Vitamin E oil is derived from vitamin E and can be applied directly to the skin, or added to lotions, creams, and gels. Many supporters of vitamin E oil argue that it is a potent antioxidant, but research on its benefits is mixed.
Vitamin E oil is distinct from vitamin E supplements because it is applied directly to the skin. Concentrations vary between manufacturers, and some users simply pop open vitamin E capsules and put the contents on their skin.
Vitamin E oil is an ingredient in many skincare products; especially those that claim to have anti-aging benefits.
Vitamin E supplements may prevent coronary heart disease, support immune function, prevent inflammation, promote eye health, and lower the risk of cancer. However, the research on these benefits is varied, and vitamin E supplementation is not right for everyone.
Vitamin E oil’s benefits are primarily cosmetic and have limited scientific support. Before using vitamin E oil, consult a doctor or skin care expert.
Vitamin E oil’s potential benefits derive from two key features: its antioxidant properties, which could fight inflammation and slow the effects of free radicals, and its moisturizing properties.
Some purported benefits of vitamin E oil include:
Vitamin E is found in many moisturizers, and the oil may be used as a moisturizer to prevent or treat dry, flaking skin.
Some research suggests that vitamin E supplements may promote wound healing. It is possible that topical vitamin E oil might offer similar benefits, but there is little research on the subject.
A 2013 study found that mice given supplements containing vitamin E were less likely to develop skin cancer, even when exposed to large quantities of ultraviolet light. These results prompted some supporters of vitamin E oil and supplements to claim that it can prevent skin cancer.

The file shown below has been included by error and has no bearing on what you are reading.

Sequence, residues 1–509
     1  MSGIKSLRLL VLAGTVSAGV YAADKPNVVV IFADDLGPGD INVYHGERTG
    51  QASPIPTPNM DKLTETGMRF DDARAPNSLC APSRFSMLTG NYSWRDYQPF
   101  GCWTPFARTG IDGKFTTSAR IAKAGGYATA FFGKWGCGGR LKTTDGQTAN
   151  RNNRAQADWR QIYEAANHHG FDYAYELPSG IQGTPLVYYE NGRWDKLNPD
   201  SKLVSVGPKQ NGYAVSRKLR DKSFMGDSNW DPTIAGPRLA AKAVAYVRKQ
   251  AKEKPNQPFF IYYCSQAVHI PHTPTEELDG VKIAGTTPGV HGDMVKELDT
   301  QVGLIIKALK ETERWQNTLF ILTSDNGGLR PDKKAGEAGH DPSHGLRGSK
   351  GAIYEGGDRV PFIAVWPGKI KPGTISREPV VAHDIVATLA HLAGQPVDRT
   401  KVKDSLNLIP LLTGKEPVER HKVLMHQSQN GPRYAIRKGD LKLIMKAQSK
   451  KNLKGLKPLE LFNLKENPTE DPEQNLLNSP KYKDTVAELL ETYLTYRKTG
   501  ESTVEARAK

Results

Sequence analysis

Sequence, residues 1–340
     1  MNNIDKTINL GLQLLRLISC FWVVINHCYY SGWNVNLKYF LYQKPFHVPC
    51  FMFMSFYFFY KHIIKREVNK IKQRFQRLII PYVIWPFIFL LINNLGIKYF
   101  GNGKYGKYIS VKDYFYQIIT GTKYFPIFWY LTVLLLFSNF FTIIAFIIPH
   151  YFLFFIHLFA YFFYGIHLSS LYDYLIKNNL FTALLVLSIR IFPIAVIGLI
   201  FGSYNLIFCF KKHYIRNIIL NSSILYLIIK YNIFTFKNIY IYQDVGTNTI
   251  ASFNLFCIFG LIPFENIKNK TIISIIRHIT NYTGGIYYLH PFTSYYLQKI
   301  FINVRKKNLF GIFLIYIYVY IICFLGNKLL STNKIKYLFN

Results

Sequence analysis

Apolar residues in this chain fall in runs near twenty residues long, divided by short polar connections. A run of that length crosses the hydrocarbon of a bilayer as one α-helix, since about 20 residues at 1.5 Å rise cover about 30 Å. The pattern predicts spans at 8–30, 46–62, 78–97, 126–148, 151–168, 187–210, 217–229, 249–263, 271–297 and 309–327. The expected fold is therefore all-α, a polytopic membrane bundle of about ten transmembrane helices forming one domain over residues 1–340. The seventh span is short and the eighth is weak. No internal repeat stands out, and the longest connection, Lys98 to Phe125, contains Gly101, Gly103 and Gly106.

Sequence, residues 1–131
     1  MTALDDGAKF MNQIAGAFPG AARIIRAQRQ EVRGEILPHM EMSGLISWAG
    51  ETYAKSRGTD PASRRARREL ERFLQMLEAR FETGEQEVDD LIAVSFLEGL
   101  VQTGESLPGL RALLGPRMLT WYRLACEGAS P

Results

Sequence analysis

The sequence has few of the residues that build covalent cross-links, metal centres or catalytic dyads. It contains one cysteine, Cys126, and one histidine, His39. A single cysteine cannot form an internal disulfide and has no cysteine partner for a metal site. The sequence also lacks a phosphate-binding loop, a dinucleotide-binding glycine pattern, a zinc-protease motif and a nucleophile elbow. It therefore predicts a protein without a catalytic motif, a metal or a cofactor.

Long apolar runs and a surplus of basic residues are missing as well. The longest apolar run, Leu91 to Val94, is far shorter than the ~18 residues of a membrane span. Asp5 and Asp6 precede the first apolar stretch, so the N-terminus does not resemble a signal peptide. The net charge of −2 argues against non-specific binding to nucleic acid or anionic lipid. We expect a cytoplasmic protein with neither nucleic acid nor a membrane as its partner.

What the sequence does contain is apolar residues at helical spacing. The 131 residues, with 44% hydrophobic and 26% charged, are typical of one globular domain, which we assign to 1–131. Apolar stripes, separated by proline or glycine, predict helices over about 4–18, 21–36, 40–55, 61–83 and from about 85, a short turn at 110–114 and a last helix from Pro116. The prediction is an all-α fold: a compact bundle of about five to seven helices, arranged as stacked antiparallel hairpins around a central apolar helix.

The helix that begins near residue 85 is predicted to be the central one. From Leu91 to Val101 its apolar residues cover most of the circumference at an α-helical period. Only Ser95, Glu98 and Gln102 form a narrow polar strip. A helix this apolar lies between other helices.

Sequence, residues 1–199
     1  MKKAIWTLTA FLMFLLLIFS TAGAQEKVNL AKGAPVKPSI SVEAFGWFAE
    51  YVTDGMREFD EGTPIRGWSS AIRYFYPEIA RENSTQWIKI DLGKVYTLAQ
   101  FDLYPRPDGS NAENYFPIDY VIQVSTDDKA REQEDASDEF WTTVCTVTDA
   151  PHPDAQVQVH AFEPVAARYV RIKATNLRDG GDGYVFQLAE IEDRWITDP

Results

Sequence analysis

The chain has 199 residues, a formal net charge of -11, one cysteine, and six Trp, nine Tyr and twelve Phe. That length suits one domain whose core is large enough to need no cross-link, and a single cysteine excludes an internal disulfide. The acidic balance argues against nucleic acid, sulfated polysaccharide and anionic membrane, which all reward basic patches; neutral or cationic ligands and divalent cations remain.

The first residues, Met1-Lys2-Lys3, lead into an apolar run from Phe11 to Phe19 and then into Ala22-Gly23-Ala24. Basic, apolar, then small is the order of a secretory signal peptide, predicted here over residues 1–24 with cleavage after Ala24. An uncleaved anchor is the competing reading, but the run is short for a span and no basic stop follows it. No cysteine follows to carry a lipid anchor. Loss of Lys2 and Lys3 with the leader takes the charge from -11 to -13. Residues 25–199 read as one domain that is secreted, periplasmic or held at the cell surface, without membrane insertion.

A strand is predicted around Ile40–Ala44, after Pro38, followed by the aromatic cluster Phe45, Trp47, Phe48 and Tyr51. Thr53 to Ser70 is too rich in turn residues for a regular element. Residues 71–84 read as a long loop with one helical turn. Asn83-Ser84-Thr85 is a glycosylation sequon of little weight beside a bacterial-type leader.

However, studies on humans have not found any skin cancer prevention benefits associated with vitamin E.
Vitamin E cannot treat allergic reactions, infections, and other issues that cause skin itching. Because it moisturizes the skin, however, it may offer temporary relief from itching caused by dry skin.
Vitamin E may alleviate the dryness, itching, and flaking associated with eczema, or atopic dermatitis.
One study found that oral vitamin E supplements could produce significant improvements in eczema symptoms. Though vitamin E oil has not been well-studied in the treatment of eczema, it may increase the effectiveness of topical moisturizers.
However, the effects of vitamin E on psoriasis were not as good as most readily available treatments. Vitamin E oil might be a good option for people who want to avoid prescription remedies and who have mild psoriasis.
Folk wisdom has long suggested that vitamin E, applied to the skin, taken as a supplement, or both, might treat scars, or prevent them from forming in the first place. But research does not support this claim and has found no association between vitamin E use and scar prevention.